Students Reminisce on Their School Years Abroad

As our two school communities reopened this fall, we welcomed back to campus students who spent the past two semesters studying with School Year Abroad (SYA). Prior to the disruptions of the pandemic, which uprooted their spring plans, Winsor Senior Olivia H. ’21, Belmont Hill Junior Sasha Vasu ’22, and Belmont Hill Senior Henry Moses ’21 enjoyed their falls and winters in Spain, France, and China respectively. 

For Olivia H., SYA in Zaragoza, Spain was an opportunity to “learn Spanish to be able to connect with my Colombian family and heritage.” Having attended Winsor since Class I (5th grade), Olivia also “wanted to have a new and different experience” in her junior year. During his freshman year at Belmont Hill, Sasha Vasu began researching study away options because he wanted to explore a new culture and deepen his French language skills. SYA France in Rennes provided the perfect balance of the two. While he had known about the SYA program for some time, Henry Moses attributes his ninth grade Belmont Hill trip to China as the spark that drove him to consider spending an entire school year there. In Beijing, he visited the SYA China campus and ate dinner with an American student and his Chinese host family. Henry noted that that experience changed studying abroad in his mind from something outlandish to something achievable. 

All three students were initially apprehensive about joining their new communities and finding friends among the small cohorts of students, but for each, these fears were assuaged after just days with their host families. Liam Peterson BH ’20 had spent his Junior fall at SYA China, and Henry says that talking with him was extremely helpful and formative for building his expectations of the experience. Both Liam and Henry lived with the same host family, and knowing that ahead of time settled Henry’s nerves. Out of all the members of her host family, only Olivia’s host sister spoke a minimal amount of English, but her host family wanted to make the transition as easy as possible and welcomed her, saying, “You’re a part of our family. You’re our daughter. This is your house.”

Once his classes began, Henry took full advantage of every opportunity to explore the city, and SYA’s weekly project-based experiential assignments facilitated this adventure. Olivia spent most of her time during the week in SYA classes, of which two-thirds were taught entirely in Spanish to fully immerse the students in the language. She also describes SYA classes as being much more centered around “experiential learning” than those she had taken in the past: for many of her assignments, it was required that she travel to a local museum, document the architecture at nearby ruins, or ask to interview strangers on the street.

One of the most important aspects of the SYA experience is a combination of host family and independent domestic travel. With his host family, Sasha traveled further west to visit his host grandparents. He was challenged by their different accent, but interested to speak more French with them. With his classmates, Sasha traveled south to Bordeaux. Beyond Beijing, Henry spent time with his host family in a Northern industrial city and what he described as a “relatively small city” (only 2 million people) in Inner Mongolia. With his classmates, he took an early fall weekend trip to a historical city north of Beijing where past emperors spent their summers. Later, they traveled to Shanxi province, a trip which Henry said was especially fun since the group had bonded well by that point. During this trip, he participated in a talent show during an immersive stay at a high school and performed a Kanye song with some friends.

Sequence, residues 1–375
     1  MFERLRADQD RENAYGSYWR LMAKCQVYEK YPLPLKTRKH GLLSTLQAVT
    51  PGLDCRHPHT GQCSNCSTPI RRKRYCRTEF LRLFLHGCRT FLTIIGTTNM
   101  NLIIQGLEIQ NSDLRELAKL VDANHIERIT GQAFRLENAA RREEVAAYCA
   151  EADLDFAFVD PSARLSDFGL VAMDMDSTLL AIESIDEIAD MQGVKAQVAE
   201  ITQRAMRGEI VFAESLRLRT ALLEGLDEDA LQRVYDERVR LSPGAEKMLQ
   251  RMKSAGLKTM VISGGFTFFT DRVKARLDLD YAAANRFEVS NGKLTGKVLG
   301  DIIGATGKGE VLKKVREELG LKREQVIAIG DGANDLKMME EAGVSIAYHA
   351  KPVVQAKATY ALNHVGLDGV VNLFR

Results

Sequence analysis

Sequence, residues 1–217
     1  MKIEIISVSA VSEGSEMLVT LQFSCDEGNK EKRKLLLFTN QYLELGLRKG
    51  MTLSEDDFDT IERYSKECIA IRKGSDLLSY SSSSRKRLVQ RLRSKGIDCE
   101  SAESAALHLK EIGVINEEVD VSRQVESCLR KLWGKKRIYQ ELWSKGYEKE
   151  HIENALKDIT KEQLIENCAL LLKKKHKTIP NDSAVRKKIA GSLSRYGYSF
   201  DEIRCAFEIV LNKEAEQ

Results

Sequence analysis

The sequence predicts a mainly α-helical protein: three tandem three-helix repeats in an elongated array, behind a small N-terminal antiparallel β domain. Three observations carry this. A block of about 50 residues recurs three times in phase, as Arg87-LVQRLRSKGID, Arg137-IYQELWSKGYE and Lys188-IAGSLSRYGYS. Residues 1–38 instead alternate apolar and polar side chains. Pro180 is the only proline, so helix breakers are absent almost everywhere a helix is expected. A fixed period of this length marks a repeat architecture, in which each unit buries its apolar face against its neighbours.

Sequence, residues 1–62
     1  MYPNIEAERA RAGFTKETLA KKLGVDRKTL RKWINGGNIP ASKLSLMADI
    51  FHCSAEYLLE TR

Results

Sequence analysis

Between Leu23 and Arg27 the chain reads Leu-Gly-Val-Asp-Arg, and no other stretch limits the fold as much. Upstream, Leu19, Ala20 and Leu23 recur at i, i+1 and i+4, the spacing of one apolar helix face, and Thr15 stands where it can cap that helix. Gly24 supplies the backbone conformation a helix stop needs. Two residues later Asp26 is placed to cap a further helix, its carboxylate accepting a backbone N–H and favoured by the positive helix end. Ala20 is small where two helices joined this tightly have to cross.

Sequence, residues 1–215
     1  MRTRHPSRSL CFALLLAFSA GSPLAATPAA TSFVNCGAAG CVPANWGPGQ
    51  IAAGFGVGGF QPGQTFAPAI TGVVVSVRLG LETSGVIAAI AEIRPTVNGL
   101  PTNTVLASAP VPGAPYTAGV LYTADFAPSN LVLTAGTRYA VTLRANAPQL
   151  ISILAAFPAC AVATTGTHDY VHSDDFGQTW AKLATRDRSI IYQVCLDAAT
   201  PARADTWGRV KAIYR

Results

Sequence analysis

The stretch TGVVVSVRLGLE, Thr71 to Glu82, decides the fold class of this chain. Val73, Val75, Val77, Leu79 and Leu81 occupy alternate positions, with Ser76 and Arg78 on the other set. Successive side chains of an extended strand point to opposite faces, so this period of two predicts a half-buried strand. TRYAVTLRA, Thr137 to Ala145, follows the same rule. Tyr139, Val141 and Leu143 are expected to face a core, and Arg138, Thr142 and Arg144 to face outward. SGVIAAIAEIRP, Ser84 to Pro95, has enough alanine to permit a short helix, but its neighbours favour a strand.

While the end of the SYA China semester came sooner for Henry than Sasha in France and Olivia in Spain, the experience of traveling home for all three was stressful and disappointing. “There was a lot of anxiety leading up to [being sent home]. We knew it was going to happen.” Once Olivia and other SYA students were told they had to leave Spain, they had only 48 hours to return home, so it was challenging to make arrangements and book flights. 

About the experience, Sasha says “if you’re going to go, put in the effort to learn the language,” it’s a great opportunity to fully immerse yourself in a new place. He also noted that anyone who is worried about their host family should be comforted by the fact that SYA puts an enormous amount of thought into the matching process. Henry says that the biggest takeaway he has from studying abroad aside from language and culture, was the freedom and opportunity to make the experience his own. Olivia still keeps in touch with many of her SYA friends and during quarantine even cooked on Facetime with her host mom. Despite the interruptions from the pandemic, Olivia found her SYA experience to be “so special,” and says “It produces people who are eager to take on new challenges and go even further out of their comfort zone. Everyone should do it. It’s a great experience.”

As the future of the SYA program hangs in the balance, all three of last year’s participants encourage current Belmont Hill and Winsor students to consider the opportunity to spend a year abroad. They emphasized the independence living abroad gave them and the uniqueness of the opportunity to explore a foreign country in depth, especially in high school. The Winsor Banner and Belmont Hill Panel welcome Olivia, Sasha, and Henry back to campus and encourage all students to reach out to them for more information, stories, and pictures!

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